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Over Half a Metre of Rain

Over Half a Metre of Rain

MetService forecasters have been busy this week, as a series of fronts and troughs brought significant rain. The largest accumulations were seen on the West Coast of the South Island, where several weather stations recorded over half a meter during the past seven days.

Meteorologist Andrew James explains, "Such large amounts of rain are due to a north to northwest flow ahead of these fronts. This dragged down warm and moist air from the subtropics. Warmer air can hold a lot of moisture, which can lead to significant amounts of rain."

The warm air also resulted in some hot temperatures. 28.3C on Thursday was the equal hottest November day at Hamilton Airport, and many other towns felt the heat. Timaru, Napier and Hastings all reached 29C on Friday.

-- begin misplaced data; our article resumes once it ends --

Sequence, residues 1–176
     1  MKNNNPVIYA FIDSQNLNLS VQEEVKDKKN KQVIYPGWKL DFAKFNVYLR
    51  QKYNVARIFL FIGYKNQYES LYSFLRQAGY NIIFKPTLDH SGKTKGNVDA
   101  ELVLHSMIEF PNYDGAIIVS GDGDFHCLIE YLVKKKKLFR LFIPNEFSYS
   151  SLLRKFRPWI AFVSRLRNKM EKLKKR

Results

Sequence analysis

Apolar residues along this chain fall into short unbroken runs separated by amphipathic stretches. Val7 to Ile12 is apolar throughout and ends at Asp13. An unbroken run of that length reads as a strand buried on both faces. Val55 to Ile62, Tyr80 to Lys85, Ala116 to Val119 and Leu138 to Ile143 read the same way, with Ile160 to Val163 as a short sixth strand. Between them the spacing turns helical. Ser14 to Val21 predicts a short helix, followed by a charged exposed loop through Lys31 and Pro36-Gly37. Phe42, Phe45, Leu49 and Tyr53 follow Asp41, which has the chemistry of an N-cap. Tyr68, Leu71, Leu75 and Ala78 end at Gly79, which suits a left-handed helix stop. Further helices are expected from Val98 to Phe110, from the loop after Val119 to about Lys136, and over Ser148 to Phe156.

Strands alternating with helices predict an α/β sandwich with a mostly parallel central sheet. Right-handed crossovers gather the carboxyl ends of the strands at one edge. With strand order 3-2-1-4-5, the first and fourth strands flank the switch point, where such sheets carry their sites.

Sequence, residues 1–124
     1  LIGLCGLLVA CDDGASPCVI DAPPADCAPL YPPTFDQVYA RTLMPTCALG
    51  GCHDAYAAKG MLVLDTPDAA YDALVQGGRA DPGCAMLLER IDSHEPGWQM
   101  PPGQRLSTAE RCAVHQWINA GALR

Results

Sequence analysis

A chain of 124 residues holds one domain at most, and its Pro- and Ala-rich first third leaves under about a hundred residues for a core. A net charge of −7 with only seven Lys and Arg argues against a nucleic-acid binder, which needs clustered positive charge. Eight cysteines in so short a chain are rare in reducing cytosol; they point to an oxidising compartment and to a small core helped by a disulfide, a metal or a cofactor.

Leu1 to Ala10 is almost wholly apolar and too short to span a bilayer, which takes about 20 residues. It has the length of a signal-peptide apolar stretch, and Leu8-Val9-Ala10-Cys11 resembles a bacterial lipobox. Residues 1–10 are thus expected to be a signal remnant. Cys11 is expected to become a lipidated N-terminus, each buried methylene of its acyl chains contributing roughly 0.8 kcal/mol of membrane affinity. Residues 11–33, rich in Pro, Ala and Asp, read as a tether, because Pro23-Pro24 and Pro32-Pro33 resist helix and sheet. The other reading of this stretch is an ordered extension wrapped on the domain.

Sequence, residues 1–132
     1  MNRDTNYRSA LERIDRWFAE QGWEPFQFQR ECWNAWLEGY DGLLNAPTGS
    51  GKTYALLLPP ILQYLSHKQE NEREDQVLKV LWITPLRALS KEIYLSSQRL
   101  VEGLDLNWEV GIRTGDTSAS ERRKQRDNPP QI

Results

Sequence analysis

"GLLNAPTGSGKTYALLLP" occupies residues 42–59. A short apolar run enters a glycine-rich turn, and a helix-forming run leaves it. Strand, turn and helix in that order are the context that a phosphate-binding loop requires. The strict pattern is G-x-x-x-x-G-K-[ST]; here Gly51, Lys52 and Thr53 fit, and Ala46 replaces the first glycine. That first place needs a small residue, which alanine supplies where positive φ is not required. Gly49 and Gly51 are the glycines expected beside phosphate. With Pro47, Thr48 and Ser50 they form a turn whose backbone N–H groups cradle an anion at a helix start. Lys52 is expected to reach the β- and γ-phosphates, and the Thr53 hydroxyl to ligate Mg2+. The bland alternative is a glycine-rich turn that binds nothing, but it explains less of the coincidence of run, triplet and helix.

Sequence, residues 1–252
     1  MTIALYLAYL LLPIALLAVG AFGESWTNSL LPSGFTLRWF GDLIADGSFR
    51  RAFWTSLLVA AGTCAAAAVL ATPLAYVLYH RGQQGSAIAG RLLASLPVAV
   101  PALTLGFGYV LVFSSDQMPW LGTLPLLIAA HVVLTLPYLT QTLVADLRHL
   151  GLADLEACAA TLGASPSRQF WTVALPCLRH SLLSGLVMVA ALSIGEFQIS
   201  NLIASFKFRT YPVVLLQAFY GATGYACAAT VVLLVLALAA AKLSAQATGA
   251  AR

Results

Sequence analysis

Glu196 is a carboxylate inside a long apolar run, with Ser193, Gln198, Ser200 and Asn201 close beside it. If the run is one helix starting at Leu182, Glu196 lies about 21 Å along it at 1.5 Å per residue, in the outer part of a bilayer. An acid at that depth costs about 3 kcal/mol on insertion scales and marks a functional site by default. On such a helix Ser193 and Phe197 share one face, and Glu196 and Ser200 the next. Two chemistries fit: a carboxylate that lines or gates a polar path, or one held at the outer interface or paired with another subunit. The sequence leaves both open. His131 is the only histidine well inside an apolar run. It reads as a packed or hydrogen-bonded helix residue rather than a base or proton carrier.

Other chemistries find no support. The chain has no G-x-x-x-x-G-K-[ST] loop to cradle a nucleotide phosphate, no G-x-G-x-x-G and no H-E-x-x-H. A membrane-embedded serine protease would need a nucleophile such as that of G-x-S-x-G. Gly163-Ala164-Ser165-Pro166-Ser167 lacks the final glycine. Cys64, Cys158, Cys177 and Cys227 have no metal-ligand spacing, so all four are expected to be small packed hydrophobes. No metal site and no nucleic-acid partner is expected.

The same system dragged smoke and dust from Australian bushfires across New Zealand. While this does not affect the temperature, dust turned skies a pale orange and was deposited on cars in parts of the South Island yesterday. Also, kiwis who were up early enough would have seen a redder than usual sunrise this morning.

Severe Weather Warnings and Watches are in place for parts of the North Island as the system moves northwards, and everywhere in New Zealand is expected to get some wet weather today. Thunderstorms are also forecast for parts of northern and central New Zealand today and Monday.

A southwest flow covers Aotearoa by the end of Monday, with rain easing to showers and then clearing from the south during Monday and Tuesday. However, another front moves up the South Island from Wednesday.

Stay up to date with the latest forecasts at metservice.com

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